Veterans

Dan Crenshaw, Navy SEAL Mocked by ‘SNL,’ Wins Big in Texas

Dan Crenshaw, the retired Navy SEAL mocked by Saturday Night Live for wearing an eye patch, beat his Democrat rival by eight points in Texas’s Second Congressional District. The retired lieutenant commander, who served five overseas deployments, two after an IED blast in Afghanistan robbed him of sight in his right eye, replaces retiring Republican Ted Poe. President Trump won that district by 9.3 points in 2016, which means Crenshaw did better than many in the GOP, as some saw big declines compared to 2016. During the weekend, Crenshaw became a household name after performer Nick Davidson mocked his war wound on NBC’s Saturday Night Live. During a Weekend Update segment on the left-wing show, Davidson showed the audience a photo of Crenshaw wearing his eye patch and said he looked like a “hitman in a porno movie,” adding, “I’m sorry, I know he lost his eye in war, or whatever.” The backlash was immediate. Crenshaw was praised for his measured response. In a tweet, he said, “I try hard not to offend; I try harder not to be offended. That being said, I hope @nbcsnl recognizes that vets don’t deserve to see their wounds used as punchlines for bad jokes.” He later asked for Saturday Night Live to donate $1 million to veterans groups. So far, NBC has had no comment on the offer.

Shame on SNL for their brazen mockery and disrespect of this great veteran for his war injury.  That’s beyond disgraceful.  Shame on NBC for not issuing an immediate apology.  In addition, they should fire Nick Davidson immediately.  What a nauseating tool..  That said..  How great is it that Dan has the last laugh?!?   Congrats to Dan on his victory last night in the great state of Texas!  And we thank him for his service and personal sacrifice as a former Navy SEAL.   Outstanding!!      🙂

Suicide rates up among younger veterans, VA says

The number of suicides among younger veterans has increased “substantially,” according to a report released Wednesday by the Department of Veterans Affairs. (VA). The latest statistics show that 45 of every 100,000 veterans ages 18-34 committed suicide in 2016 – up from around 40 a year earlier. “These findings underscore the fact that suicide is a national public health issue that affects communities everywhere,” the VA said in a statement obtained by The Wall Street Journal. “Our goal is to prevent suicide among all veterans — even those who do not and may never seek care within VA’s system.” The VA found that there were more than 6,000 veteran suicides each year from 2008 to 2016. Veterans accounted for 14 percent of all suicides in the United States in 2016, yet veterans comprise just 8 percent of the population, the report said, according to the newspaper. In the report, the VA described veteran suicide as an “urgent crisis” that it can’t address by itself. Still, some advocates say the department has not devoted enough resources to this issue. “If any other population of 20 million people were exposed to these threats, it would be considered a public health priority,” Paul Rieckhoff, chief executive of Iraq and Afghanistan Veterans of America, told the newspaper. “There has never been a national call to action.” Last year, the VA’s inspector general found the department’s suicide hotline had routed a high percentage of calls to backup centers, a major flaw the department says it has resolved. On Tuesday, the inspector general also released a report after a veteran killed himself less than 24 hours after his departure from a VA facility in Minnesota. The report accused the facility of not providing followup care for the veteran, who was taken into the hospital over suicidal ideation. “Because many veterans do not use VA services and benefits, we must build networks of support, communication and care across the communities where veterans live and thrive,” the report states. The data was released a day before a scheduled hearing by the House Committee on Veterans’ Affairs. At the Thursday hearing, lawmakers are to discuss veteran suicide prevention efforts. The VA’s confidential Veterans Crisis Line is open 24/7 for vets and those concerned about them. The telephone number is 1-800-273-8255.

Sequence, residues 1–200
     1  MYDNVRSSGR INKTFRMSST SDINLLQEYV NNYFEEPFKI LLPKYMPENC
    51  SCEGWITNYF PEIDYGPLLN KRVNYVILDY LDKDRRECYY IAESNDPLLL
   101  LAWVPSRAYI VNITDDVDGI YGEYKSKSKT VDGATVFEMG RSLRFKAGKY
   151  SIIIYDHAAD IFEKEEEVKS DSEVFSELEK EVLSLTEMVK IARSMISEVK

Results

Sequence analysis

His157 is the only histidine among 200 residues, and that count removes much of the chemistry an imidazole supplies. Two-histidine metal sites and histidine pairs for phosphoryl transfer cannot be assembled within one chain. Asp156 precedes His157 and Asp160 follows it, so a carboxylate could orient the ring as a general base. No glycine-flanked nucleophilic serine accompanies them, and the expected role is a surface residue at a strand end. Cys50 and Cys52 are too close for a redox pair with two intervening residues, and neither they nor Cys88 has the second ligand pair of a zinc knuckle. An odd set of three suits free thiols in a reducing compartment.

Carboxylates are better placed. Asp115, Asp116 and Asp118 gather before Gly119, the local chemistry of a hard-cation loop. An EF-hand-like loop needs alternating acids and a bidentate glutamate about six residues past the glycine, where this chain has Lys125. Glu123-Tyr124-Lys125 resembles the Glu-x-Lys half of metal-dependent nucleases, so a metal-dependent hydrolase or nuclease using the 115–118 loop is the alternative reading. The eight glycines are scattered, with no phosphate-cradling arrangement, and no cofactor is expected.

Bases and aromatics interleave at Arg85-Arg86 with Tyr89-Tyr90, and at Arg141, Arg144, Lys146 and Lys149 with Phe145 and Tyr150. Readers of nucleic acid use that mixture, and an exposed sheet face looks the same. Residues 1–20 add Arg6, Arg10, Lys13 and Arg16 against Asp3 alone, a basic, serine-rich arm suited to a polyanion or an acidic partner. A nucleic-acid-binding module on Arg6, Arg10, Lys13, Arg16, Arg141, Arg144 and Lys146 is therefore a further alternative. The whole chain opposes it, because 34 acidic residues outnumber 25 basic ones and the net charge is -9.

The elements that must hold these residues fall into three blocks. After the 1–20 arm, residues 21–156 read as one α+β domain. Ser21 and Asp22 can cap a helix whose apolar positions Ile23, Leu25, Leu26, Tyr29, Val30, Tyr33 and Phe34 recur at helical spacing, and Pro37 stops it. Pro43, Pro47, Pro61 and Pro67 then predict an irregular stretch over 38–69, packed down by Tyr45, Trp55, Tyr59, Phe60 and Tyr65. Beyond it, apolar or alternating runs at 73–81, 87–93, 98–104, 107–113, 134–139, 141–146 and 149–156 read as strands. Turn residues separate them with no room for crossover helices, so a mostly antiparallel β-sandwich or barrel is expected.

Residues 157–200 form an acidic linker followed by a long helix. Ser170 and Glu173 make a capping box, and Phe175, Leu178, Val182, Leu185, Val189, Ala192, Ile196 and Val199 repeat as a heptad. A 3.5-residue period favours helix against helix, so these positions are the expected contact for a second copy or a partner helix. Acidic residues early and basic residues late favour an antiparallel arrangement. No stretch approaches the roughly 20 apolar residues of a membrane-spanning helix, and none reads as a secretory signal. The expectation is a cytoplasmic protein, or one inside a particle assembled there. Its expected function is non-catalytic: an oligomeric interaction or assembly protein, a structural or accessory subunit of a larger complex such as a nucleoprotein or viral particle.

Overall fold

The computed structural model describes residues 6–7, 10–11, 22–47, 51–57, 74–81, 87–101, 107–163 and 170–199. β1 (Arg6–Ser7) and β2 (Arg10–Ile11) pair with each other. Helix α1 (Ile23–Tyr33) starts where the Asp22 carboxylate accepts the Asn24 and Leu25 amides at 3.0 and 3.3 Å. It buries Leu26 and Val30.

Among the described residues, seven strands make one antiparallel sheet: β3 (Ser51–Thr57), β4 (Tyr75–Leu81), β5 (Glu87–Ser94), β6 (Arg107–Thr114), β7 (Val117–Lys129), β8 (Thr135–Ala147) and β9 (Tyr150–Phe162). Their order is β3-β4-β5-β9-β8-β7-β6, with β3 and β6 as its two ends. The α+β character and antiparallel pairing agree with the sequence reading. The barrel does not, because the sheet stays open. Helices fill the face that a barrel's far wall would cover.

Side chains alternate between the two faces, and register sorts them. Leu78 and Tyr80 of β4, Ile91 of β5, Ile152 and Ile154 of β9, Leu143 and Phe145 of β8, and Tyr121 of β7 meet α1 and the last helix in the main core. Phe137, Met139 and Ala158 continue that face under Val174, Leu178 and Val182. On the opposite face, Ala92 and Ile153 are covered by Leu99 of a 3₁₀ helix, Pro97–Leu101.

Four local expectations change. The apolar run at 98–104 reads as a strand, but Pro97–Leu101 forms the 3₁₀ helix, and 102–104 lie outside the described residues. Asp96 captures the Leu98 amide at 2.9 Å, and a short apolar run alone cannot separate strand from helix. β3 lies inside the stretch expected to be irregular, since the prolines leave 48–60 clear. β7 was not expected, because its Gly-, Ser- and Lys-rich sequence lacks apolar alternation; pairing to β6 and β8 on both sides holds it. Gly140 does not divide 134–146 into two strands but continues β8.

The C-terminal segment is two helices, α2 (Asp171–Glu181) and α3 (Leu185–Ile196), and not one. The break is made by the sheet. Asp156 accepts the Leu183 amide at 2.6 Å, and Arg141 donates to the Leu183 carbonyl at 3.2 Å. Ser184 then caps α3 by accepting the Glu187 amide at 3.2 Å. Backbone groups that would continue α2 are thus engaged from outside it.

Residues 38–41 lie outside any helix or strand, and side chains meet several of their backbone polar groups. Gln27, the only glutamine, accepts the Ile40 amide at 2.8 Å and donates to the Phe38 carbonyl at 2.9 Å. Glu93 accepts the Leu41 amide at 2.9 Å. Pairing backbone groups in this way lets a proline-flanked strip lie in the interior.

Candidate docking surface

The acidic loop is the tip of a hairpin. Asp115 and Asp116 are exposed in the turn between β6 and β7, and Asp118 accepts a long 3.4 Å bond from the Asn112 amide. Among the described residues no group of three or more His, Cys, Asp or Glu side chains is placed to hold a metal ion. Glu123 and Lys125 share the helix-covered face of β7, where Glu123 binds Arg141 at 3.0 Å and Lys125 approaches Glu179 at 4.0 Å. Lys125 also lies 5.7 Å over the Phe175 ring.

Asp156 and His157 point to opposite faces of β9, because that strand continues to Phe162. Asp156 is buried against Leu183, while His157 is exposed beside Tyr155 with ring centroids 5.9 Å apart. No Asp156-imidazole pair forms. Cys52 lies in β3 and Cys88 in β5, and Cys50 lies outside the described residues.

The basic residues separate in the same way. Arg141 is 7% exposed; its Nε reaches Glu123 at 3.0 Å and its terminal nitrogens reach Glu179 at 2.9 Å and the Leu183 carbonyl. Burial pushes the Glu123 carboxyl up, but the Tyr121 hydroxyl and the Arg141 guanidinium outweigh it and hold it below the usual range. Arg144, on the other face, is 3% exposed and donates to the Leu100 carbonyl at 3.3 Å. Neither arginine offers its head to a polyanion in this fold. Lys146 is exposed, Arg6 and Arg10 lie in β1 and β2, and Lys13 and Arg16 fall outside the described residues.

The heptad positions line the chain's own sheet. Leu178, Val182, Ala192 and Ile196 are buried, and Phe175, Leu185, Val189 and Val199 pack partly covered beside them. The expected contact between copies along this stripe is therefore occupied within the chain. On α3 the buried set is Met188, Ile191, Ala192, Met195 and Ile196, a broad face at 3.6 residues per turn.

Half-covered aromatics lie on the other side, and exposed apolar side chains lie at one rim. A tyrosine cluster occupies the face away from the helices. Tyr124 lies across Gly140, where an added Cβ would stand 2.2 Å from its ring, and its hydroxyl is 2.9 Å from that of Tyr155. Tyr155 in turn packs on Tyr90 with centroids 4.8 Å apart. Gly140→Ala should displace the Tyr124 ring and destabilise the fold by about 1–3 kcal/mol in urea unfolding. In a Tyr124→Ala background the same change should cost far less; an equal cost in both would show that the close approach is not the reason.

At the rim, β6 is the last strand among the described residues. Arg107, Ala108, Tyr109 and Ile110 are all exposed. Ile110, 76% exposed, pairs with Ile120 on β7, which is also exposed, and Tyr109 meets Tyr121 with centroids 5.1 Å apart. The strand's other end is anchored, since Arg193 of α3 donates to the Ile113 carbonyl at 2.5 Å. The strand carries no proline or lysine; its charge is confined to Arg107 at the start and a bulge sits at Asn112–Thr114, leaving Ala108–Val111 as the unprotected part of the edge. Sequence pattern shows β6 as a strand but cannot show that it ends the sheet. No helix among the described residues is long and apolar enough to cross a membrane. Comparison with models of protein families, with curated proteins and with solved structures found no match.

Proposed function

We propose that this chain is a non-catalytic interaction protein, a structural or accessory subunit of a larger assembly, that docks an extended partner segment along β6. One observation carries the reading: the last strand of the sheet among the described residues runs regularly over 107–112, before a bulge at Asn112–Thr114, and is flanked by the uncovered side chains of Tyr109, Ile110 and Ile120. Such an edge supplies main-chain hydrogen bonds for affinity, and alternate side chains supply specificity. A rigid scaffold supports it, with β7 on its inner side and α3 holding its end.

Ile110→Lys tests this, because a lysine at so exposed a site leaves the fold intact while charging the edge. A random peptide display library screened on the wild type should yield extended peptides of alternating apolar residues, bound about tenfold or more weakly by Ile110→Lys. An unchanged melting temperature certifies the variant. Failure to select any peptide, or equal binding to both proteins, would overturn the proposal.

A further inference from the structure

Medical marijuana bill would let veterans obtain weed with VA’s approval